Budgeting can be a daunting task!
You look at putting best practices, like budgeting, into your business and it can feel like starting at the bottom of a mountain with a lot to climb and tackle.
We know the budgeting efforts pay off because they help us:
– measure our progress.
– make management decisions.
– control costs.
– hold our people accountable.
– set expectations.
– see the financial strategy.
But sometimes, these benefits can seem far away. After all, people are busy.
Change is tough on teams, and the process takes time, that we don’t feel we have.
Let’s look at simplifying what can feel like a complex goal.
Here’s how to get a budget going:
1. Start with last year’s actual – history tends to repeat itself. The easiest way to gain momentum is to use the data you have.
It encompasses seasonality, annual one-time costs, and other variables that are driving your business.
2. Revenue and sales projections: Update your expected income for the upcoming year, based on your strategy and market trends. Estimate what you will see for sales of your new initiatives (new products, services, regions, etc.).
Many businesses include a growth percentage for the growth on current sales lines, which can reflect new customers of existing sales lines or price increases.
3. Variable costs: Update your variable costs (inventory, marketing, supplies) to determine your expenses. Often, variable costs are a revenue percentage.
Rates are updated based on strategy, business partnering, pricing, market trends, and new initiatives.
4. Fixed costs: Identify all your fixed expenses (rent, utilities, salaries) to determine your total expenses. Ensure that expenditures for new initiatives are factored in.
Now that you have a solid start on an operational budget that factors in the past trends and has been updated for what’s new, you are well on your way!
Next up, review and ensure you’ve considered what’s coming up in these areas:
5. What will it cost to meet your ambitious sales expectations?
– Marketing and advertising: Allocate a budget for marketing and advertising efforts to promote your products or services.
– Technology and equipment: Consider any necessary investments in technology, equipment, or software to improve your business operations and support the team.
– Employee wages and benefits: Speaking of the team, what needs to be added to ensure you can attract and retain talented staff? Plan for new hires, updated employee salaries, benefits, and any potential wage increases.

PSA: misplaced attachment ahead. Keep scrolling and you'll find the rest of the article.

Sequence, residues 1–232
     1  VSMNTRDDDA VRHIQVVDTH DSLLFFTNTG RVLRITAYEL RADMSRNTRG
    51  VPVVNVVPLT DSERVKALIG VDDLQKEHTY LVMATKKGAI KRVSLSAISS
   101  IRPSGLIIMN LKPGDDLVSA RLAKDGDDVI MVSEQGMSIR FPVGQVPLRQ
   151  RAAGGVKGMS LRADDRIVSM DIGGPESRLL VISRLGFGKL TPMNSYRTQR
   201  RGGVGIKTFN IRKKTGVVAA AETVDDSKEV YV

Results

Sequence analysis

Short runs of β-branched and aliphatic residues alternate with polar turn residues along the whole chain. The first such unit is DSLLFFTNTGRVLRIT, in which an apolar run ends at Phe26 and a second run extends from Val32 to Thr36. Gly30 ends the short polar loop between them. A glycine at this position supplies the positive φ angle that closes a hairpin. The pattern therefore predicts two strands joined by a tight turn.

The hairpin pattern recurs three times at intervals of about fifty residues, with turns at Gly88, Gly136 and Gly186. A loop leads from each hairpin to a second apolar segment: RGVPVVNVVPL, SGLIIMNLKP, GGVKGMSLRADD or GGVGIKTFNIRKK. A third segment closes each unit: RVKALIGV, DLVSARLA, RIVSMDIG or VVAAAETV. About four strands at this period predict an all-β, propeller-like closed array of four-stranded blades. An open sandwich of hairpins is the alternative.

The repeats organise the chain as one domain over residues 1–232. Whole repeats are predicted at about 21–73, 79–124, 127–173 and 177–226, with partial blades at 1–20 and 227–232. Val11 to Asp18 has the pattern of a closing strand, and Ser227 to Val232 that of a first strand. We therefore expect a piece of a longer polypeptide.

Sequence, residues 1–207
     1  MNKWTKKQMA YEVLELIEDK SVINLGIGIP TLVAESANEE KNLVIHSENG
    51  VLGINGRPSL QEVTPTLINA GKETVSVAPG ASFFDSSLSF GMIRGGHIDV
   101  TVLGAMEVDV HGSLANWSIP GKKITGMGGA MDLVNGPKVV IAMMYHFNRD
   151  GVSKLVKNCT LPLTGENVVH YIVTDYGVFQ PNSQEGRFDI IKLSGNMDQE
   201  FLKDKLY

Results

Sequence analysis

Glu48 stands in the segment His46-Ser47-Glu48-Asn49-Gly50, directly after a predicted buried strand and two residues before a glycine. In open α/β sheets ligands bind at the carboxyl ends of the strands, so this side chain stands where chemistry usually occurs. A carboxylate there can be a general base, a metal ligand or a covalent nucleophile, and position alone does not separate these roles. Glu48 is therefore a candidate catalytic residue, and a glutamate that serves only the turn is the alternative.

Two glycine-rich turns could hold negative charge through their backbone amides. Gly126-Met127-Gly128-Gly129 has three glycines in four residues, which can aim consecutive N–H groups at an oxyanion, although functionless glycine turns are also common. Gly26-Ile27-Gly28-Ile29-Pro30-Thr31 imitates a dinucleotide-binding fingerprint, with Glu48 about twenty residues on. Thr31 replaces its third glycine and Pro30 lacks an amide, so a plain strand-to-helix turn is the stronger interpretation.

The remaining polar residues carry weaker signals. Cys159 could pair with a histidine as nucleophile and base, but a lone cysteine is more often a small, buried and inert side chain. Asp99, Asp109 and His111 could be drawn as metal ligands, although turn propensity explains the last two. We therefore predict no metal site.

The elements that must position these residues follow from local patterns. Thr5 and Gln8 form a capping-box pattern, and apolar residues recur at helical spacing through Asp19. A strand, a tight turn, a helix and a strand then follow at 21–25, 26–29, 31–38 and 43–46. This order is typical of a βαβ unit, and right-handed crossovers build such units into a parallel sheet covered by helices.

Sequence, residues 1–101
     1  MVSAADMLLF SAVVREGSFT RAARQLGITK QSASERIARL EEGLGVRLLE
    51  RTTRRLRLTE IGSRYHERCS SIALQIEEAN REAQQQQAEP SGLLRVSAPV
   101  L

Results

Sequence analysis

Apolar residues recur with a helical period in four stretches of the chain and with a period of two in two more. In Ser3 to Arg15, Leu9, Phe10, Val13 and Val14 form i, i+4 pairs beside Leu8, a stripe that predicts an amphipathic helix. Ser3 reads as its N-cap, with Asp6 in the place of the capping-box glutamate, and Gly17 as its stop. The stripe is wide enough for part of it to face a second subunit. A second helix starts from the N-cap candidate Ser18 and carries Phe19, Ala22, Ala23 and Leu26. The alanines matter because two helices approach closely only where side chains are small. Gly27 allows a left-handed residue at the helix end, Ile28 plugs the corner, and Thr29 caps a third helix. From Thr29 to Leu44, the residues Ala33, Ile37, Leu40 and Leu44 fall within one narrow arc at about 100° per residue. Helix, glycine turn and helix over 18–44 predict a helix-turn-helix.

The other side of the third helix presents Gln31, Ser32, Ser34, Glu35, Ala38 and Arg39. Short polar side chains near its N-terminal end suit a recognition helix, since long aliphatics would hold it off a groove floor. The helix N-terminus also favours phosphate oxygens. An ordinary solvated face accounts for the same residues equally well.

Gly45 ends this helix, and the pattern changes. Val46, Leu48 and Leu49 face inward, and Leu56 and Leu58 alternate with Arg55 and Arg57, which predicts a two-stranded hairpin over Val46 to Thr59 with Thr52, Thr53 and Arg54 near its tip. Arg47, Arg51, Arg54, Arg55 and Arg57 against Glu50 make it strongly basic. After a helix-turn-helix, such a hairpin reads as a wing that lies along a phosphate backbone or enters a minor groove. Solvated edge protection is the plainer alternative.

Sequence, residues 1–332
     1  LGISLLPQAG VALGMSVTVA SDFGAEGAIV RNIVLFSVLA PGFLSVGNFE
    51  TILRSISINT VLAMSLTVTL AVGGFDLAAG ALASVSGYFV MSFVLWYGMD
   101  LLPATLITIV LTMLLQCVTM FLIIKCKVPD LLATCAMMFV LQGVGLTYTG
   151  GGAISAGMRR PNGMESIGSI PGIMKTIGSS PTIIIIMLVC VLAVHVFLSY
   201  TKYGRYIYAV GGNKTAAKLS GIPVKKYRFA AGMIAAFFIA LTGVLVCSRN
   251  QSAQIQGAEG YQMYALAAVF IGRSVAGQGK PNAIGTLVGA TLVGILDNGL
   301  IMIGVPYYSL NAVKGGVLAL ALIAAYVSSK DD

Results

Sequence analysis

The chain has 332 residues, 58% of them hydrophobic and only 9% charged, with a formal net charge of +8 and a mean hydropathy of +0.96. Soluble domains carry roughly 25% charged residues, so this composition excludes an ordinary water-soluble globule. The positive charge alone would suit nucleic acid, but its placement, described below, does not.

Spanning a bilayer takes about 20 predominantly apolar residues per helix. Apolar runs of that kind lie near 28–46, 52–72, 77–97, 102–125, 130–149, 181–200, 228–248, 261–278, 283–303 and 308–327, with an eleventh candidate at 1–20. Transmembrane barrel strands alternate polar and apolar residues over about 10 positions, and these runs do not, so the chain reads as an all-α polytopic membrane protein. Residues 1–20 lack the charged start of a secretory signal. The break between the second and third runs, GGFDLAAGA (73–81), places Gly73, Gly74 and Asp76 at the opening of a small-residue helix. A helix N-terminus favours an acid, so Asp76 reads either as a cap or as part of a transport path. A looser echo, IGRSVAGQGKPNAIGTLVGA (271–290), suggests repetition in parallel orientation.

– Contingency plan: Create a contingency plan in case of unforeseen circumstances or changes in the market that may impact your budget.
Add some emergency funds to your budget.
The profit and loss are almost there!
Don’t forget to pay the government, though:
6. Taxes and licenses: Account for all applicable taxes, licenses, and permits required for your business operations.
That’s it! You’ve got a plan quantified, which will help you throughout the year.
Let’s check in on this tool and make sure we are ready for a few other things to come that don’t get captured on a profit and loss budget:
7. Cash flow management: Ensure you have enough to cover your expenses and maintain a positive cash flow throughout the year.
Convert the budget into a cashflow forecast that considers when you’ll collect, when deposits are due, and all the other timing differences which will strain or impact your bank. If you see strains you can’t fund or don’t work for your business, go back and adjust the budget and mitigate the risks.
8. Debt and loan repayments: Consider any outstanding debts or loans and allocate funds for timely repayments. If the cash flow impacts your initial plans, make the necessary updates.
9. Strategy: Does the final budget reflect your goals? Take an extensive picture, look at the final draft and make sure it’s aligned with what you are aiming for.
10. Expectations: Is the budget set up to be a tool for your team? Can you use it to run your business?
Remember, budgets are prepared so that we can lead.
Management decisions, key performance indicators, cost controls and accountability are just some reasonable expectations from the time you’ve put in.
A budget season is often many weeks, sometimes even crossing multiple months.
It involves a lot of people.
The time and resources are anything but simple, but we hope these easy ten help to simplify the situation.
Read more on budget methodologies, approaches and things to consider.
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